These findings support studies documenting WM disease in brain tumor patients who received radiotherapy and chemotherapy11
and the moderate association between WM changes and cognitive impairment found in some but not all studies.25,26
Atrophy was evident in approximately 40% of patients who received WBRT + HD-MTX and in 50% of patients treated with chemotherapy alone. There were no significant differences between the 2 groups in atrophy ratings or in cognitive test performance between patients with either minimal or no atrophy and patients with moderate to severe atrophy. The higher number of patients with atrophy in the HD-MTX alone group may be in part related to their older age.
Limitations of this study include the cross-sectional design and absence of a pretreatment baseline to evaluate the specific contribution of disease and treatment adverse effects to cognitive outcome. Possible selection bias needs to be considered, as patients were not randomly assigned to treatment type. Group differences in age and time since treatment completion are also confounders, although there were significant group differences in cognitive performance after controlling for these variables. Attrition bias may have reduced the power to detect changes at follow-up and is a significant limitation in longitudinal studies of brain tumor patients. The significantly longer time since treatment completion in patients who received WBRT + HD-MTX makes it difficult to determine whether the combined regimen, as well as its more delayed effects, may have contributed to the impaired performance in these patients. Preliminary findings from a prospective study of PCNSL patients treated with an HD-MTX–based regimen followed by dose-reduced WBRT and cytarabine27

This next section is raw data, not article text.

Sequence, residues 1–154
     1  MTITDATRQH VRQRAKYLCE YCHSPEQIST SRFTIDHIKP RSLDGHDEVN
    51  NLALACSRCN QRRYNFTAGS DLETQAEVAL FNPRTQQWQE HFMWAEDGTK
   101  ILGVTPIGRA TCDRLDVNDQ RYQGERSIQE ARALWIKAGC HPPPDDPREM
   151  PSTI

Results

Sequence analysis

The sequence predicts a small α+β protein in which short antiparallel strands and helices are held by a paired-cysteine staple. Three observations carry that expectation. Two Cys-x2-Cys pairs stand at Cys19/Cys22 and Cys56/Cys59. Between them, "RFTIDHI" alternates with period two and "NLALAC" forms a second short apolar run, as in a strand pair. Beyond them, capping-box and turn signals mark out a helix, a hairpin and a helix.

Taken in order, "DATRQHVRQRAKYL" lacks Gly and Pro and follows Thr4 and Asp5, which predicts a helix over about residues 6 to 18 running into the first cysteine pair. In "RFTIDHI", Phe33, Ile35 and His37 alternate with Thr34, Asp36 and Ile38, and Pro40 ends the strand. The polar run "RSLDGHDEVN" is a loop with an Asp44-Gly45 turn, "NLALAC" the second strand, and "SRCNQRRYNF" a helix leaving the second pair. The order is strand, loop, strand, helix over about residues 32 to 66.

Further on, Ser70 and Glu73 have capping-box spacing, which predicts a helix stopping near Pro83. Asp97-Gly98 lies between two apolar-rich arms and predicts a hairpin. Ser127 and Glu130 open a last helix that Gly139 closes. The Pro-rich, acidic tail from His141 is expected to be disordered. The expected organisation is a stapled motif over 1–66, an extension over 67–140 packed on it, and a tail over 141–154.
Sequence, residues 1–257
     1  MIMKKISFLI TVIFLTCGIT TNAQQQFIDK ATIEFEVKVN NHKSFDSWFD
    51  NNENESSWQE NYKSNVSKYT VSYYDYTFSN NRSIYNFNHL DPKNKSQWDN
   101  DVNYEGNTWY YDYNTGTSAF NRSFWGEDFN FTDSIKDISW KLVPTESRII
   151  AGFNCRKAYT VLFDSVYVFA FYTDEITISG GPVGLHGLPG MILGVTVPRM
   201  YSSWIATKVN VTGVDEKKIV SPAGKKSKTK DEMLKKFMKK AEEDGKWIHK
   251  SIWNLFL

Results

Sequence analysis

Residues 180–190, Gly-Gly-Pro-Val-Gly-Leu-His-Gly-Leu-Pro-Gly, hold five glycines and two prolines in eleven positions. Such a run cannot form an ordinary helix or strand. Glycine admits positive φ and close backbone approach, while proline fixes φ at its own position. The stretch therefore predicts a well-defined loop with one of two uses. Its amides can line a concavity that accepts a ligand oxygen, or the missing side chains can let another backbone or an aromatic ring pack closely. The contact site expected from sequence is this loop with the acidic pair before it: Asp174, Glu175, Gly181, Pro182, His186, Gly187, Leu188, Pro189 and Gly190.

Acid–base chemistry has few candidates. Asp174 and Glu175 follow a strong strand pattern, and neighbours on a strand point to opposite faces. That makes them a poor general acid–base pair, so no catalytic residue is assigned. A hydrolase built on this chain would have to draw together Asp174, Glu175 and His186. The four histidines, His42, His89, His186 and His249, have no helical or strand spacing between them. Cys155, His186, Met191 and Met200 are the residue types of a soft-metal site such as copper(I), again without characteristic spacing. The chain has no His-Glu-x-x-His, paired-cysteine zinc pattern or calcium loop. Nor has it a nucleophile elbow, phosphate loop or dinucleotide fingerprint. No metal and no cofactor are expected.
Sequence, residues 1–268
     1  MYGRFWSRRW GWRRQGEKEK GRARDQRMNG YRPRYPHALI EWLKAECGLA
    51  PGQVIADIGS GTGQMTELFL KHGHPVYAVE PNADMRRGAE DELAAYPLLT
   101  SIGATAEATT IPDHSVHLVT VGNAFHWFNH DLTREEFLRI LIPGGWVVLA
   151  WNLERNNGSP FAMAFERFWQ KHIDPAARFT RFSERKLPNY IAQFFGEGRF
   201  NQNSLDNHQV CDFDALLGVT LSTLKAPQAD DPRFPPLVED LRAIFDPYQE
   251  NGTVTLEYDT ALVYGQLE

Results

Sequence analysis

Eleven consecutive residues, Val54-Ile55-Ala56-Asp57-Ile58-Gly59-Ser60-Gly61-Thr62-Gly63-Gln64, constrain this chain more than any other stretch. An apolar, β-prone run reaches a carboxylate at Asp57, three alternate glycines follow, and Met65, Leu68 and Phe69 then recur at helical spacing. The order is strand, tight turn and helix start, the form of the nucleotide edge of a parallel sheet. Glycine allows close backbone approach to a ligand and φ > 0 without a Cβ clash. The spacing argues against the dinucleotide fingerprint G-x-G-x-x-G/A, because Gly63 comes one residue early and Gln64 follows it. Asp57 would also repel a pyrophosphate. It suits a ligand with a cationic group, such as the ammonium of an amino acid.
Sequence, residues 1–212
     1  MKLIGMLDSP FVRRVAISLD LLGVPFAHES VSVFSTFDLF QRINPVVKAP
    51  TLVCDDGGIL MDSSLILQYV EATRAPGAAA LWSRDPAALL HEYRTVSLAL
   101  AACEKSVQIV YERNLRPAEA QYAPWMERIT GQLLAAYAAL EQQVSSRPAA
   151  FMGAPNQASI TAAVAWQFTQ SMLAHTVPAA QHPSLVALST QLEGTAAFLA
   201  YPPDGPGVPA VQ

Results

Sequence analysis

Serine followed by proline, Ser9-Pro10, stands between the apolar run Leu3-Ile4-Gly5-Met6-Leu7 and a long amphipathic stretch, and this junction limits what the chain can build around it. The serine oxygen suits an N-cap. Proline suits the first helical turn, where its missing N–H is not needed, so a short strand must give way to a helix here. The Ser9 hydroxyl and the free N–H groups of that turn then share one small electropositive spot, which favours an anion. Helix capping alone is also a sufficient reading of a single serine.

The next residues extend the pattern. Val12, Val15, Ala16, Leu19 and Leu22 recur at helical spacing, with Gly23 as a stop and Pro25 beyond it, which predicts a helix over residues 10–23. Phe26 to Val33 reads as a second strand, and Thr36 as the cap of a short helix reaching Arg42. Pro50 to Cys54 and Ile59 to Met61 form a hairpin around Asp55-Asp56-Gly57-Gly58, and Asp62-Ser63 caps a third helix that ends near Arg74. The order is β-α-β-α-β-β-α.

showed pretreatment impairments in motor speed, executive function, and memory, with patients improving after induction chemotherapy and remaining relatively stable for up to 2 years posttreatment.28
These data suggest that WBRT dose may play an important role in contributing to the cognitive impairment associated with the combined regimen.
The results of this study confirmed our previous findings16
and provided further evidence that PCNSL patients treated with WBRT + HD-MTX develop diffuse cognitive impairments of sufficient severity to interfere with QoL, while patients treated with HD-MTX alone had relatively more intact cognitive functions, at least at short posttherapy intervals. The importance of including standardized and sensitive cognitive tests in prospective clinical trials of PCNSL patients has been recognized.15,29
Randomized collaborative studies including neuropsychological assessment are needed to evaluate the relationship between disease control, treatment modality, survival, cognitive functions, and QoL in order to guide treatment choices. Moreover, as cognitive dysfunction often interferes with QoL, including the ability to return to work, the development and early implementation of appropriate intervention strategies to minimize or prevent these adverse effects are needed. Recent studies have begun to explore potential pharmacological and rehabilitation strategies for treatment-related neurotoxicity in brain tumor patients.30
Conflict of interest statement. Genentech Scientific Advisory Board (Drs. Correa, DeAngelis, Omuro). Hoffmann-La Roche Inc, Merck, Curatio CME, Educational Concepts, Inc (Dr. Abrey).